• Newlyweds and bankruptcy

Newlywed and Bankrupt: A Survival Guide

Declaring bankruptcy is one of the hardest things you can do. And, if you’re a newlywed, it puts a lot of pressure on your fledgling relationship.

Newlyweds and bankruptcy

Luckily, bankruptcy isn’t the end of the world. Yes, it’s a challenge, but you can survive it.

Whether you’ve recently declared bankruptcy, suffering the aftereffects, or just starting on the path, here is a survival guide specifically for newlyweds.

Don’t Beat Yourself (or Each Other) Up About It

One of the biggest hardships of bankruptcy is the emotional toll. You may feel like a failure or an idiot. If you fell for a scam or made a poor choice, then you may be angry too.

While you don’t want to suppress your feelings, you also need to make sure you don’t wallow in them. Additionally, you need to make sure your partner doesn’t either. Otherwise, you’ll keep punishing yourself, and that won’t help you move forward.

Create a Post-Bankruptcy Plan

Filing for bankruptcy does a number on your credit. Plus, the black mark sticks with you, dragging down your score for years.

This means you need to create a plan to repair some of the damage. Regretfully, there’s no quick fix. However, there are things you can do.

For example, consider getting a secured credit card. You have to put a cash deposit down up front, but it gives you a functioning that appears on your credit report. If some of your debts weren’t discharged, make sure to pay them on time.

Also, actively monitor your credit reports. That way you can spot problems early, giving you a chance to handle issues before they do further damage.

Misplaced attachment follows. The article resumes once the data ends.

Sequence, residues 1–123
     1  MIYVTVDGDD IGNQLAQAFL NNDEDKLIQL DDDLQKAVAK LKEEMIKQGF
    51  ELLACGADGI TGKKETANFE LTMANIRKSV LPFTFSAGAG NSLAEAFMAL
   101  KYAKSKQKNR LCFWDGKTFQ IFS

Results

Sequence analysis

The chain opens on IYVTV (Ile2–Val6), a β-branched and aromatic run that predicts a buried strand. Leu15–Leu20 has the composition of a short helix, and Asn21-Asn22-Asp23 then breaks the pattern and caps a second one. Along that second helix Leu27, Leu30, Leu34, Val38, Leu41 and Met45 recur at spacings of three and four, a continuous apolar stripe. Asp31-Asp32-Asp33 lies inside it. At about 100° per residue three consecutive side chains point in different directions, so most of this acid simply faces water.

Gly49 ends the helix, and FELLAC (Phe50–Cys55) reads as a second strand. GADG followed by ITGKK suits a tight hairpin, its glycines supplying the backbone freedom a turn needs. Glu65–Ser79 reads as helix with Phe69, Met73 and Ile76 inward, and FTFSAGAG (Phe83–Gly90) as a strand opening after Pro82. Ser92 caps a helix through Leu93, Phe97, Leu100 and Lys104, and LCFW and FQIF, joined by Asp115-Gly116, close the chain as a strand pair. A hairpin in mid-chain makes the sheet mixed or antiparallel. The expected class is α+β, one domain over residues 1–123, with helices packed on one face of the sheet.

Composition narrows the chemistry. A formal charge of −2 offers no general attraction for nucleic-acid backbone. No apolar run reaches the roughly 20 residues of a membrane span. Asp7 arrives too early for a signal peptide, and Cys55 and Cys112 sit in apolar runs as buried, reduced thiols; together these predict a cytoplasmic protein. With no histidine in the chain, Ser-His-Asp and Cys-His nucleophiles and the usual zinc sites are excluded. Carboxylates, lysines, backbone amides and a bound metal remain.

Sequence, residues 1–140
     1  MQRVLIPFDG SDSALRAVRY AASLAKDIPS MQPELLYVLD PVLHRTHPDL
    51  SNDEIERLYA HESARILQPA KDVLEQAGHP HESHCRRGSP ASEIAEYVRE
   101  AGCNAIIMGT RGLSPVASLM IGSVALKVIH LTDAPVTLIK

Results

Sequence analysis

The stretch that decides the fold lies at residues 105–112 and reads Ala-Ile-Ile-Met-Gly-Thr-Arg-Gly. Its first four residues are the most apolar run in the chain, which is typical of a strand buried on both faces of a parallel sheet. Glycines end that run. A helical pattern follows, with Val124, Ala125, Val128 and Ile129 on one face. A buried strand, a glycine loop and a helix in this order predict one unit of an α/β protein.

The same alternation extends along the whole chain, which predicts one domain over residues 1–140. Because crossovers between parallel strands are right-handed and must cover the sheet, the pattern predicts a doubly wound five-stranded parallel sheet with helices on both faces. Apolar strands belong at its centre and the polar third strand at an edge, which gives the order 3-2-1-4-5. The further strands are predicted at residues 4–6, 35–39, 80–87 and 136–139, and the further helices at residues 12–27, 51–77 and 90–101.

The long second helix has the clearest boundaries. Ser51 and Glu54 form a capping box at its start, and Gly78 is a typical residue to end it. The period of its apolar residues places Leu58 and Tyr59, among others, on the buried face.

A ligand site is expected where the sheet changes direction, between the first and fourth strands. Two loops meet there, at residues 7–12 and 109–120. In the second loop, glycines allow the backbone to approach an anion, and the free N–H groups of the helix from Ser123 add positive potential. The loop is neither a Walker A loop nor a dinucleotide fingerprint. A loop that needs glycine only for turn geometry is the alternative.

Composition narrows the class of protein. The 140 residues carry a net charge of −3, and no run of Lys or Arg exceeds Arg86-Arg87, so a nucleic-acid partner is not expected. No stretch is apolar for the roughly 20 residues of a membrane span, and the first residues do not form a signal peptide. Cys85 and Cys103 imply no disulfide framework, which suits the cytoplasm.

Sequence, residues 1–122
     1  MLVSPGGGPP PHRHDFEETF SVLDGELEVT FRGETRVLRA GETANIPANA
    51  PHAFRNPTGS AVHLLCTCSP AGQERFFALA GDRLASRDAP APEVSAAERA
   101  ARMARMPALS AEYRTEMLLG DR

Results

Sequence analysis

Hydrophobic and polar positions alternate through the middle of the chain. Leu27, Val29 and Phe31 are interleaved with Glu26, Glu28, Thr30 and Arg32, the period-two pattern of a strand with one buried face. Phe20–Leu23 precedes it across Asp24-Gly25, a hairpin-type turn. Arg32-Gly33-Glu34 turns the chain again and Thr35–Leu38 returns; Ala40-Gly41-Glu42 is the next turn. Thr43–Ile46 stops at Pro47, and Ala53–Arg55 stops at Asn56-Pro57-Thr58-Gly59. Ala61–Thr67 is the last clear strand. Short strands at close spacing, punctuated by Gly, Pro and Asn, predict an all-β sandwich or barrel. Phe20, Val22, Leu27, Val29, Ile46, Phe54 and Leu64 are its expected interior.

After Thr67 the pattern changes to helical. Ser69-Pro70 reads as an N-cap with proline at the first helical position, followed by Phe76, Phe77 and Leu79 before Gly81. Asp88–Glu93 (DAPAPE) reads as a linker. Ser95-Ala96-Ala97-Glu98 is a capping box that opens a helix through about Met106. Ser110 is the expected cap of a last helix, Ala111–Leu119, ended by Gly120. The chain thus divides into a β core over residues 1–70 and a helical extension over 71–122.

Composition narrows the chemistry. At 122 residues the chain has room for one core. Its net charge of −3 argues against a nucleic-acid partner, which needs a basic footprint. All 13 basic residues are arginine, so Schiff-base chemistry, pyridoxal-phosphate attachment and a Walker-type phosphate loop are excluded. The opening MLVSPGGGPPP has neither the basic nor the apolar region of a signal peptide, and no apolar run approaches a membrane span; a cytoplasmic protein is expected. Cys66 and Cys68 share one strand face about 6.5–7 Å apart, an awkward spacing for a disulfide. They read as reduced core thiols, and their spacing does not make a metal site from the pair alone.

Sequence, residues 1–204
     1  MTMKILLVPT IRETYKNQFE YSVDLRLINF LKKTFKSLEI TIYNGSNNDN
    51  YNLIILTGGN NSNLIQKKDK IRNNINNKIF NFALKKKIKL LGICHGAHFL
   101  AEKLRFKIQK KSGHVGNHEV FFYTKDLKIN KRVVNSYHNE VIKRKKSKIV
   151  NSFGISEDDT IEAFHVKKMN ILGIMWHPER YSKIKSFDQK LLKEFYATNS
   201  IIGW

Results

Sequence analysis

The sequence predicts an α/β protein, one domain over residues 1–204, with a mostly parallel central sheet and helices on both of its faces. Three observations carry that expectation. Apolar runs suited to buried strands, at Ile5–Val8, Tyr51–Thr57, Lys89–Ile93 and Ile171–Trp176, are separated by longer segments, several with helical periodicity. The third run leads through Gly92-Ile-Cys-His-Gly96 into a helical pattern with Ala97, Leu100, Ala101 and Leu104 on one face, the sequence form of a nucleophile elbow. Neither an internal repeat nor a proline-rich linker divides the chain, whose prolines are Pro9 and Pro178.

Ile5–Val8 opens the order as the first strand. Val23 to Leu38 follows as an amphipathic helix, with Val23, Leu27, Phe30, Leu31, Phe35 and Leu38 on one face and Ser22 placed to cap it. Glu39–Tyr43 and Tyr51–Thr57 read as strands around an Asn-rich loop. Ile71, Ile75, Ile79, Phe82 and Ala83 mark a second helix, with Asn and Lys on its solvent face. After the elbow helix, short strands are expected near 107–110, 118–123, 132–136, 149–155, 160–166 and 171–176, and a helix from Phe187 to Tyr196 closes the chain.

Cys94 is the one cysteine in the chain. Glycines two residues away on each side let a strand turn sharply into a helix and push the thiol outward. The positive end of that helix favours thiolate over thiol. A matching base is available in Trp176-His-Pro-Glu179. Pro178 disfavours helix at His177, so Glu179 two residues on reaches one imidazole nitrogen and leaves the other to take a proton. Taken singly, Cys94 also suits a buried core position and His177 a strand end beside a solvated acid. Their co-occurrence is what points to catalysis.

Craft a Functional Budget

Usually, people filed for bankruptcy after they get in over their heads. To keep that from happening again, you need a functional budget.

List out all of your regular expenses, allocate funds for food, gas, and other costs, and plan to add money to emergency savings. Also, make sure to fund your retirement accounts. Otherwise, you may have trouble in the future.

Then, make sure you stick to your budget.

Every so often, you may need to reevaluate your budget, especially if you have a change in income or regular expenses.

Know Your Rights

In some cases, creditors will try to recover a debt even after it has been discharged. It’s important to know that these attempts are typically illegal, and there are laws to protect you.

Similarly, there are restrictions regarding how legitimate creditors can contact you, even if you owe a debt.

Some protections vary by state, so you may need to explore local laws to find out what you can do. However, if a creditor is hounding you, it’s worth exploring your options.

Ultimately, going bankrupt is hard, but you can recover. Just stick together and follow the tips above, and you can make it to the other side.

Have you ever faced bankruptcy? Have some survival tips? Tell us in the comments below!

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